Hope Is Riddled With Holes

After 500 folks came through my garden on an Audubon tour last Father’s Day, I was prodded to start a native plant garden coaching business. This spring, I had a table at Earth Day and at one of the largest plant sales in the Midwest called Spring Affair—thousands came through each day. At both events I was startled by those who knew little about native plants, and specifically native plants for butterflies—the latter which soon became my hook in a conversation. Everyone wants more butterflies.

“I have butterfly bush, and that gets lots of butterflies.” Yes, it does. It also gets huge and is only a nectar source. And if you plant mountain mint or joe pye weed or milkweed anywhere near, everything with wings vacates the butterfly bush as if it were on fire.

After sharing stories about monarch butterflies—which has become my logo, and so drew in lit-up faces from a distance—I ask if they plant milkweed. “Heaven’s no! Isn’t that a weed? And it spreads.”

And you know what happened to me? I got pumped. I got excited. I rambled off facts in the form of numbers and personal observations. I told them of the many “good” milkweeds like A. incarnata and sullivantii and purpurascens. I said “You can’t have a butterfly without host plants for their caterpillars.” And then I knew I had them, especially the parents with young kids.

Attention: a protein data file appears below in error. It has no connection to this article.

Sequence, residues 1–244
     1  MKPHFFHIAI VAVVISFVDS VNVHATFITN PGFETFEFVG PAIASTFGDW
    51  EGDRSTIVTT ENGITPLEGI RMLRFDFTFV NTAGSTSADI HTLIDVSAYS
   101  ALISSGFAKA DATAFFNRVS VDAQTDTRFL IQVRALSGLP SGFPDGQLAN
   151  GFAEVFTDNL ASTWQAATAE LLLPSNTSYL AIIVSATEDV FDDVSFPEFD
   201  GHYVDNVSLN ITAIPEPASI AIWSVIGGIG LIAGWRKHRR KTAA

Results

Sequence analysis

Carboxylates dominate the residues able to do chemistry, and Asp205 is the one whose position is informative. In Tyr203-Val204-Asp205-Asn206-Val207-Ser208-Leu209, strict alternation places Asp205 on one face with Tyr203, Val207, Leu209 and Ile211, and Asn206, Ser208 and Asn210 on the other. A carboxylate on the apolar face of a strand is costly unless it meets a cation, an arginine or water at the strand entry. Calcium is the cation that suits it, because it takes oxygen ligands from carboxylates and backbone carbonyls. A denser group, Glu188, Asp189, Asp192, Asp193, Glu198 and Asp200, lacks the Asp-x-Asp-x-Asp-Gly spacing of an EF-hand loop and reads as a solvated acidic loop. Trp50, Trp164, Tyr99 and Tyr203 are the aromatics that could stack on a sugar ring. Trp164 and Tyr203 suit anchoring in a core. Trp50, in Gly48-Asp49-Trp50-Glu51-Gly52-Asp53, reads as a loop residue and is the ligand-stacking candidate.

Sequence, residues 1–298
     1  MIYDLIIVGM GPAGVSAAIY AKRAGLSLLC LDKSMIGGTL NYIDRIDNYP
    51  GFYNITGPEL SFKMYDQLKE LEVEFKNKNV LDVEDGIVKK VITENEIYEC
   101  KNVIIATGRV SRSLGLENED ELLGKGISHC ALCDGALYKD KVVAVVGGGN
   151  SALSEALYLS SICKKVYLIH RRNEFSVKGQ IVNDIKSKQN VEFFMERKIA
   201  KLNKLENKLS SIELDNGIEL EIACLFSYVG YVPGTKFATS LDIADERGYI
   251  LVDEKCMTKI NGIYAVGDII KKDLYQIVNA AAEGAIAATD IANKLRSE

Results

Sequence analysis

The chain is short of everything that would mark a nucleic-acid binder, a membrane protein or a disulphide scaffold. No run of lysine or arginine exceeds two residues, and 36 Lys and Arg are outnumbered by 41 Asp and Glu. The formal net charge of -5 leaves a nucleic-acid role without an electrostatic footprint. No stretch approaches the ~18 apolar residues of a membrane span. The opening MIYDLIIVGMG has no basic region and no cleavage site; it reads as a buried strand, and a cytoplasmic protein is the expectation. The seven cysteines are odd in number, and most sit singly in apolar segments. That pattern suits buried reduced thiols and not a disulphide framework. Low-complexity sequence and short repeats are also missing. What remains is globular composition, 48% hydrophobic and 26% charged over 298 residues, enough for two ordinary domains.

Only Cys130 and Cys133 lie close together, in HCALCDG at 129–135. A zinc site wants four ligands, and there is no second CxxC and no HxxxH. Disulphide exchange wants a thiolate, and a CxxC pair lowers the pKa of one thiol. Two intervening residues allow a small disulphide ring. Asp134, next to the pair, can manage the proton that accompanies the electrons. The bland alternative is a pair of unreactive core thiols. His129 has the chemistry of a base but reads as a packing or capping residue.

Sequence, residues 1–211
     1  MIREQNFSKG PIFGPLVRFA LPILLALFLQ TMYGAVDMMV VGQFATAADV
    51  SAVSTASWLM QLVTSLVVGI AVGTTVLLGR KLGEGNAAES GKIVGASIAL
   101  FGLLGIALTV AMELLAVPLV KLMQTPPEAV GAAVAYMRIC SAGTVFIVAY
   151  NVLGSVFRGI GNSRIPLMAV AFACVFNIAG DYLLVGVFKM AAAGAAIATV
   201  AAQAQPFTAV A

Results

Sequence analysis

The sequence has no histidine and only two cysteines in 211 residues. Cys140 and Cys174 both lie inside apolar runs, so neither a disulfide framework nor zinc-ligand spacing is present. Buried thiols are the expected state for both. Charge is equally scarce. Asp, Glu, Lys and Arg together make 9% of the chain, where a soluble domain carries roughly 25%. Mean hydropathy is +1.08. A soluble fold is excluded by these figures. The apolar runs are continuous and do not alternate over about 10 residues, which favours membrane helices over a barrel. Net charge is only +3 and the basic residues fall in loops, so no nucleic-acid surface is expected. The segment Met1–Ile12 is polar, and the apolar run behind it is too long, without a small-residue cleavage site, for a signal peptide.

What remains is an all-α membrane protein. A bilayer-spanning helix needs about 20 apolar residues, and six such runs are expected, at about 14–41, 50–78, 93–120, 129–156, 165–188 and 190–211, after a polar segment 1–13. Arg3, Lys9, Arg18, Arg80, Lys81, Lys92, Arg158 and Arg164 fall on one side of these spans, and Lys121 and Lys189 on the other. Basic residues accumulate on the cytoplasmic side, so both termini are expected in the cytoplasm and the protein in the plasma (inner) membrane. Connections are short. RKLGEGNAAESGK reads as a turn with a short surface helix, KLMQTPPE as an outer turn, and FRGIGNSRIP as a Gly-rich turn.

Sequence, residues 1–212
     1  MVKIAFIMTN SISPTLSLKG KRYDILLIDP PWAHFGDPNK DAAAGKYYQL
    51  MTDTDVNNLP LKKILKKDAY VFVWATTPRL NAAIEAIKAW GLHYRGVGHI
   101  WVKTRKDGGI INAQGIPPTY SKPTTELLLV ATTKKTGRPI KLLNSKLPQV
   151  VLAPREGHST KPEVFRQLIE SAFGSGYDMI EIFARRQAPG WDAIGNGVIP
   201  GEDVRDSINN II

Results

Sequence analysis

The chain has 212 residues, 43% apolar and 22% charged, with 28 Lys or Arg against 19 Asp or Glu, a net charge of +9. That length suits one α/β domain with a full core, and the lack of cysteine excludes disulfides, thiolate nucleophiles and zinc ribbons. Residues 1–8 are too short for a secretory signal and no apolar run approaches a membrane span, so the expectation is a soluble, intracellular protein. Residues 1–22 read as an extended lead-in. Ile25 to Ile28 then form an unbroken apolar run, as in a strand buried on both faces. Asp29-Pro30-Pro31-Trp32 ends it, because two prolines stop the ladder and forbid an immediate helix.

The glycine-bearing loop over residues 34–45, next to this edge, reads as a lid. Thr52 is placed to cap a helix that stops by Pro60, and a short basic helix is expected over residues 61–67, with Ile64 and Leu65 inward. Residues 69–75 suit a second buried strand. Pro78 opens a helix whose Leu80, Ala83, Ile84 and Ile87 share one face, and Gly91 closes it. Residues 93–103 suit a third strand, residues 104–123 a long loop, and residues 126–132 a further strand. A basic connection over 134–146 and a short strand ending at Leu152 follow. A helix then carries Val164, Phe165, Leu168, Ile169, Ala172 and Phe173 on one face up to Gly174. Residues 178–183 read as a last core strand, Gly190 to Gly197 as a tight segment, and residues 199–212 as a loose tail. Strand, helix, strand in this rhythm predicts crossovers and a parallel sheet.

Two things I sense—one is that native plants are still thought of as weeds, and the other is that plants should not be eaten by wildlife. I don’t like rabbits gorging on my veggie garden, but when I see milkweed without leaves I sing for joy. When I see holes in viburnum I’m excited to poke around and find out what made them. Chokecherry. Dogwood. Wild senna. Have at you!

First monarch of the season laying eggs

Ok, three things. There is absolutely a desire for native plants and sustainable ecosystems even though there’s no real outlet or purveyor of that info. Yesterday I drove by a new / svelte housing division and all those big homes had lots of landscaping—roses, a few non native ornamental grasses, boxwood, you know the drill… professionally landscaped (and likely billed as low maintenance, but native ecosystems are too, and twice the cost if not more). I’m entering the struggle, deeper and deeper, of wondering how to on a larger scale push / force the issue on this topic. For example, a local call-in garden advice show on PBS always pumps chemical sprays for “pests” and diseases, only sometimes saying something like “you don’t have to use that” or “wait and see since it should resolve itself” before jumping in to mentioning “sevin” just in case the caller wants to be more proactive (thus negating any other advice).

I thought I would be preaching to the choir at my two garden events, as I often feel I am here, but I wasn’t—and that was a mix of sadness and optimism. It’s a feeling that comes to define working in and for nature, and is likely how one feels while being a parent or a teacher or anything that requires an emotional investment beyond the usual. At both events kids asked parents to buy a packet of salvia or aster seeds, a small coneflower plant, or a native bee house made out of joe pye weed stalks. Hope. The same hope I see in the riddled leaves of milkweed.

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  1. says

    AS I contemplate retirement, I know I will have more time for my design business in earnest. I too have been thinking of how to push the concept of native gardens and plants within the business and get the message out…you have certainly given me hope that it can be done.
    Donna@Gardens Eye View recently posted..Gardens Eye Journal-May 2012

  2. Stacey says